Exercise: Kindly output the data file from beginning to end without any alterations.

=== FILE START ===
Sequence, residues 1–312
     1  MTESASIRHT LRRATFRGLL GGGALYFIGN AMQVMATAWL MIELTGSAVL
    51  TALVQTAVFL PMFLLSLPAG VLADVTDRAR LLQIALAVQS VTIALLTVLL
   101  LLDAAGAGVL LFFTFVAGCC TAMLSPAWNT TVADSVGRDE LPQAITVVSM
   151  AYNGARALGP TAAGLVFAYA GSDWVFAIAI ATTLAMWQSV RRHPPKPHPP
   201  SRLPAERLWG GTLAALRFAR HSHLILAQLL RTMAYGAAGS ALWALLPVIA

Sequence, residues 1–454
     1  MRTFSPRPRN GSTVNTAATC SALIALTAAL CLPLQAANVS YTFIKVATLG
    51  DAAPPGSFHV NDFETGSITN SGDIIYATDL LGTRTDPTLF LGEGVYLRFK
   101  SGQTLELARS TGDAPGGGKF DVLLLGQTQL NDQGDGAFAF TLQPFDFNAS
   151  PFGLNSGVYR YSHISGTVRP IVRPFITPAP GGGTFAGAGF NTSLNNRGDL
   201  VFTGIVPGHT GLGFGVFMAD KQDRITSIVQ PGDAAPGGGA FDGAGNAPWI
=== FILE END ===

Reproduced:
Sequence, residues 1–312
     1  MTESASIRHT LRRATFRGLL GGGALYFIGN AMQVMATAWL MIELTGSAVL
    51  TALVQTAVFL PMFLLSLPAG VLADVTDRAR LLQIALAVQS VTIALLTVLL
   101  LLDAAGAGVL LFFTFVAGCC TAMLSPAWNT TVADSVGRDE LPQAITVVSM
   151  AYNGARALGP TAAGLVFAYA GSDWVFAIAI ATTLAMWQSV RRHPPKPHPP
   201  SRLPAERLWG GTLAALRFAR HSHLILAQLL RTMAYGAAGS ALWALLPVIA

Sequence, residues 1–454
     1  MRTFSPRPRN GSTVNTAATC SALIALTAAL CLPLQAANVS YTFIKVATLG
    51  DAAPPGSFHV NDFETGSITN SGDIIYATDL LGTRTDPTLF LGEGVYLRFK
   101  SGQTLELARS TGDAPGGGKF DVLLLGQTQL NDQGDGAFAF TLQPFDFNAS
   151  PFGLNSGVYR YSHISGTVRP IVRPFITPAP GGGTFAGAGF NTSLNNRGDL
   201  VFTGIVPGHT GLGFGVFMAD KQDRITSIVQ PGDAAPGGGA FDGAGNAPWI